Sympathetic Ears (A Short Story)

“There ya go. First one’s on the house … you look like you could use it”.

The haggard man blinked and shook his head, as if coming up for air from somewhere deep within himself. After looking at the beer for a long time as if it was the most welcome thing he’d ever seen, he looked up at Earl.

Earl was an innocuous sight at a little under five feet, though weighing in at nearly three hundred pounds. Santa Clause hair spilled out of his face and ran up to hide under a worn, woolen beanie. Like jolly old Saint Nick, Earl also had a kind twinkle in his eye.

“What’s the problem, stranger?”

The haggard man leaned back on his stool as if to get his brain around just why this man was being so kind to him. After all that had happened to him lately, he wondered what possible interest the bartender could have in …

… but then he managed a half-hearted smile and realized he was in the place to talk about his problems. Hell, the man behind the bar probably did nothing but listen to people’s problems, day in, day out; strangers pouring out their sorry tales to him.

It maybe even helped a little.

So the haggard man began, thankful the bar was empty, with the exception of himself and Earl; thankful it was so far off the main road that nobody was likely to come in while he let it all out, for that matter.

During it all, Earl merely listened, nodding occasionally as if he had, indeed, heard it all before. The haggard man took solace in this: If his problems weren’t as unique as he thought, he didn’t feel quite so alone with ‘em.

The beer flowed for a good hour or so, and the haggard man – though still haggard – felt at least a little less burdened, having unloaded his woes; no closer to a solution, but a little better.

The beer was obviously going some way towards that. And it awoke a hunger in the haggard man.

“Say, Earl”, for they were now on a first-name basis, “you got anything stronger than beer?”

The corner of Earl’s mouth moved towards the twinkle in his eye, and he began nodding again.

“Yep … I reckon there’s something stronger out the back …

… you wanna come out and help me look for it?”

As if it were the best offer he’d had in a long while, the haggard man climbed down none-too-steadily from his stool and headed for the doorway Earl was gesturing towards.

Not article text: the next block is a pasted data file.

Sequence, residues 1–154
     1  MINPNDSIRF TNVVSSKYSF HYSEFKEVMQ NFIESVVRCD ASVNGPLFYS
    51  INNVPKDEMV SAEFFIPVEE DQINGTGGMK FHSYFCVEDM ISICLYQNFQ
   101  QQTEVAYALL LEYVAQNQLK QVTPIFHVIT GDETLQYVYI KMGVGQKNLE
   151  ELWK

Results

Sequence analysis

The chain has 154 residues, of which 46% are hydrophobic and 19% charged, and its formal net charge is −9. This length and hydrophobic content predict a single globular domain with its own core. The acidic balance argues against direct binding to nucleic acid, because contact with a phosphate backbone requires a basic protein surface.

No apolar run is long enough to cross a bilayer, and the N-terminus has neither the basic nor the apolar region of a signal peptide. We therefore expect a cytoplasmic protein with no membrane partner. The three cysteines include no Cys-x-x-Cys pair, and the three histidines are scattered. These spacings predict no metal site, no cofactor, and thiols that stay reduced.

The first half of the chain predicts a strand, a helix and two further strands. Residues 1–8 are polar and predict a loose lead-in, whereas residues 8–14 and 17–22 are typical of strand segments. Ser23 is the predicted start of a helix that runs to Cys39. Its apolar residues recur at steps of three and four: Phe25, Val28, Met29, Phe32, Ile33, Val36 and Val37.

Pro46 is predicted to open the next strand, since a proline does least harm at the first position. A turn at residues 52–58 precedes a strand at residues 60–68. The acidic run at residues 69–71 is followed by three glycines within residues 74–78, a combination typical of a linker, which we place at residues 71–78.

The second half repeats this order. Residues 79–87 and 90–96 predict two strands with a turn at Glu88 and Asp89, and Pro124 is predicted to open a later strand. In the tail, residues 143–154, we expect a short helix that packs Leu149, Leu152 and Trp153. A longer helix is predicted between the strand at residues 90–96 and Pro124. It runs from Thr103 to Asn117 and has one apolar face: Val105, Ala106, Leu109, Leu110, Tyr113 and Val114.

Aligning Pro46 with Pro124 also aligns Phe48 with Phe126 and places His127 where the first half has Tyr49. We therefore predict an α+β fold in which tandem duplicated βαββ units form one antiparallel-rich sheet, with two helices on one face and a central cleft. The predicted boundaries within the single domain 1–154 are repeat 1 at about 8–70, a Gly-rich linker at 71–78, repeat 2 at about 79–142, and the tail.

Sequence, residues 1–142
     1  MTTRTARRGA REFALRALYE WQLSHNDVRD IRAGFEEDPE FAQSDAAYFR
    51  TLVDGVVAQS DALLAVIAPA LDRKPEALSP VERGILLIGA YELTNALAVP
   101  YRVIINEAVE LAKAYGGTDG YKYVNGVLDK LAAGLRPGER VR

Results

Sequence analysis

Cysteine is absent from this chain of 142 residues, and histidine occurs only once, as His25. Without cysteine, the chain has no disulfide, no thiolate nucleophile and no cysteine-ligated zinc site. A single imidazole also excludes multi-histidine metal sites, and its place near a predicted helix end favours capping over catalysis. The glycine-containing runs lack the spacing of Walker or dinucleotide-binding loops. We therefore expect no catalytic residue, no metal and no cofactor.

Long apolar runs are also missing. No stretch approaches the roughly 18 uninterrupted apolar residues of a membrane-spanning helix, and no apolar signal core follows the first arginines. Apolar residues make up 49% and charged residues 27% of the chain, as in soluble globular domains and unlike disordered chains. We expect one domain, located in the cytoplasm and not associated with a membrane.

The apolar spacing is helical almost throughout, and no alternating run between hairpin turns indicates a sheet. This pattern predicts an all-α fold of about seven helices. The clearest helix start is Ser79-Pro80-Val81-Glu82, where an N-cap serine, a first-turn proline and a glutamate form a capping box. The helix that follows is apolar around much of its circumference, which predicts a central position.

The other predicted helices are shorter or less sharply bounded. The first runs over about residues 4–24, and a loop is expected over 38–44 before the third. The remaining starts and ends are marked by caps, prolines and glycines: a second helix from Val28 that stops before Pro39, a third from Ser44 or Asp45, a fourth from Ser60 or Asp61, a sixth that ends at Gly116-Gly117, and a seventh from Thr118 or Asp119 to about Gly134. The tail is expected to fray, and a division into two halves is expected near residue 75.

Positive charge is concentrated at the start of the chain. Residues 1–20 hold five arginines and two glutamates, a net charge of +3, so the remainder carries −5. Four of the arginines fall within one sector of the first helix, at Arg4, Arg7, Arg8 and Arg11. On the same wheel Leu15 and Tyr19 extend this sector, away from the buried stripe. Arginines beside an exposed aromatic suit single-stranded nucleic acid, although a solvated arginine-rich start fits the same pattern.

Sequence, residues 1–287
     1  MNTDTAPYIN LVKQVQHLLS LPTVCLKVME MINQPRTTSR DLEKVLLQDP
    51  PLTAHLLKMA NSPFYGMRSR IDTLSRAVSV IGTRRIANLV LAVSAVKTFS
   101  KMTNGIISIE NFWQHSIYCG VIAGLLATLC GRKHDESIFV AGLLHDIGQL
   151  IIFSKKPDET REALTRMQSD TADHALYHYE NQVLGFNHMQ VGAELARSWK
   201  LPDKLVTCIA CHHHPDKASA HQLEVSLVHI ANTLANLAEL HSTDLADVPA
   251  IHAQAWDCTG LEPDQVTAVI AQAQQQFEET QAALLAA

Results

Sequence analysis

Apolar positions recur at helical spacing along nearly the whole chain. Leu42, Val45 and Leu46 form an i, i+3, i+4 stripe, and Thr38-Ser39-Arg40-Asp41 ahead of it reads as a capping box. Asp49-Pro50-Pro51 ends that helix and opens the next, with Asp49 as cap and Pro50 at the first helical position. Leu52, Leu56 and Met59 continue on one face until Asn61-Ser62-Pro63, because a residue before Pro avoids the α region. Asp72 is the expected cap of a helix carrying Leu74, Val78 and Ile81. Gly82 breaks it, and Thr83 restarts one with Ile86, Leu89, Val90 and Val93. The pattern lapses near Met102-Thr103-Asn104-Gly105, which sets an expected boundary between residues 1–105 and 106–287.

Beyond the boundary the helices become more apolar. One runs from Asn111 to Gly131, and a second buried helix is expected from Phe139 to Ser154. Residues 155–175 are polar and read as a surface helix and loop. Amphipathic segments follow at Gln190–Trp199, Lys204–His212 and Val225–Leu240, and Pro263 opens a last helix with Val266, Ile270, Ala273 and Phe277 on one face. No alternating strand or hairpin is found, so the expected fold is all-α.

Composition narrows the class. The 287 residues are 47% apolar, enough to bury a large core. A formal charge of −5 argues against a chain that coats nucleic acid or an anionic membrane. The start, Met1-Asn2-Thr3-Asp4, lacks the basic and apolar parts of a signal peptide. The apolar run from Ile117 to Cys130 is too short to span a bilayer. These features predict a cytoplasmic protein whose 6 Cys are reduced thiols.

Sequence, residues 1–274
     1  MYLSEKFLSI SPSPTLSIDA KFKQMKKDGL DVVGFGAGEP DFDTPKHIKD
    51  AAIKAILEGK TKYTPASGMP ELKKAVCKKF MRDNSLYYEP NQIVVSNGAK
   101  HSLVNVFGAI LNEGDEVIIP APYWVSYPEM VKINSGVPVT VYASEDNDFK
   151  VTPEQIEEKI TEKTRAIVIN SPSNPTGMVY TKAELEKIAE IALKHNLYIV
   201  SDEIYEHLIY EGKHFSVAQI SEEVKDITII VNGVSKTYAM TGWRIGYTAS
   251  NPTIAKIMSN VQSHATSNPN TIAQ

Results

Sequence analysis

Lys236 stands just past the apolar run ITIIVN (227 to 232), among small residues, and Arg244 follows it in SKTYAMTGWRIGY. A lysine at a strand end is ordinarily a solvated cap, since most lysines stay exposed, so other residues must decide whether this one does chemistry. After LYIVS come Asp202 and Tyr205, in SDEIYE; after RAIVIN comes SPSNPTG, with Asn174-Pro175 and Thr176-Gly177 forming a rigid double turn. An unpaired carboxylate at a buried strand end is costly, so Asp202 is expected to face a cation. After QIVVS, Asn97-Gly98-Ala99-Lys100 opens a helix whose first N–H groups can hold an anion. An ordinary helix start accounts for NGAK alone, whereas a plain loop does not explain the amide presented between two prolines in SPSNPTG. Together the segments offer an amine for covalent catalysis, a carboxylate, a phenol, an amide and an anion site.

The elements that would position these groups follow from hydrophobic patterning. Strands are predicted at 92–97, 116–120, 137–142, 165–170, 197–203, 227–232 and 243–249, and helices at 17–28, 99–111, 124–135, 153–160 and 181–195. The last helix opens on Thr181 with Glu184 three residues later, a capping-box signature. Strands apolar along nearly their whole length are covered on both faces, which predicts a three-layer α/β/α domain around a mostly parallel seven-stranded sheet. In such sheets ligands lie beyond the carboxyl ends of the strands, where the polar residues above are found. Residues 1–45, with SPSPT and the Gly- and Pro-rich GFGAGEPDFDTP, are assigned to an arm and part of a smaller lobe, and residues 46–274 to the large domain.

“Through here?”

Earl just nodded, moving towards the door himself, though pausing until the haggard man had gone through.

The room was dark – a pokey little storeroom – and Earl made no effort to find a light switch. What little light fell through from the bar illuminated only kegs of beer, shelves of something in glass bottles and wooden boxes …

… wooden boxes of something possibly better than beer … ?

“Look over the back there”.

Earl’s voice seemed close.

“What am I looking for?”

In a movie, the haggard man would have heard Earl say something like, “You’ll know it when you see it”, before he saw what he saw. Truth be told, even if Earl had shouted something like that at him, the haggard man wouldn’t have heard it: Blood was pounding in his ears in time to his heartbeat like some sort of wet bass drum.

A sudden inhalation stopped the tattoo as something stabbed into the space between the haggard man’s third and fourth vertebrae. An instant later, he was on the floor.

Knowing nobody would be by, Earl set to work. As he began cutting away, he looked up at the bottles, to the last thing the haggard man had seen …

… and spoke.

“Yep … another Sad Sack tonight. Whining to me like he’s the only one in the world with problems. As if I’m supposed to listen to everyone else’s problems when there’s nobody to listen to mine … ”

As he settled in for a long night of talking about his problems to the only ones who would listen, Earl finished his grisly job and rinsed his trophies under the sink, before adding the haggard man’s ears to his collection.

Copyright © 2008 by David Scott Aubrey
All Rights Reserved
723 Words

This short story is a work of fiction. Any and all names, characters and/or incidents are either products of my imagination or are used fictitiously. Where any such resemblance may exist to actual persons (living or dead), actual events or locales, it is purely coincidental.

Please don’t assume that my characters speak for me or carry my own opinions on various matters in any way, shape or form (though some might – you never can tell).

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It Shouldn’t Have Happened to a Vet (A Short Story)

With Apologies to James Herriot.

“Ahh … the new bloke. Murphy, wasn’t it? Come on in”.

“Tea … ?”

“Yeah, I don’t take sugar, either. The milk hereabouts makes it sweet enough”.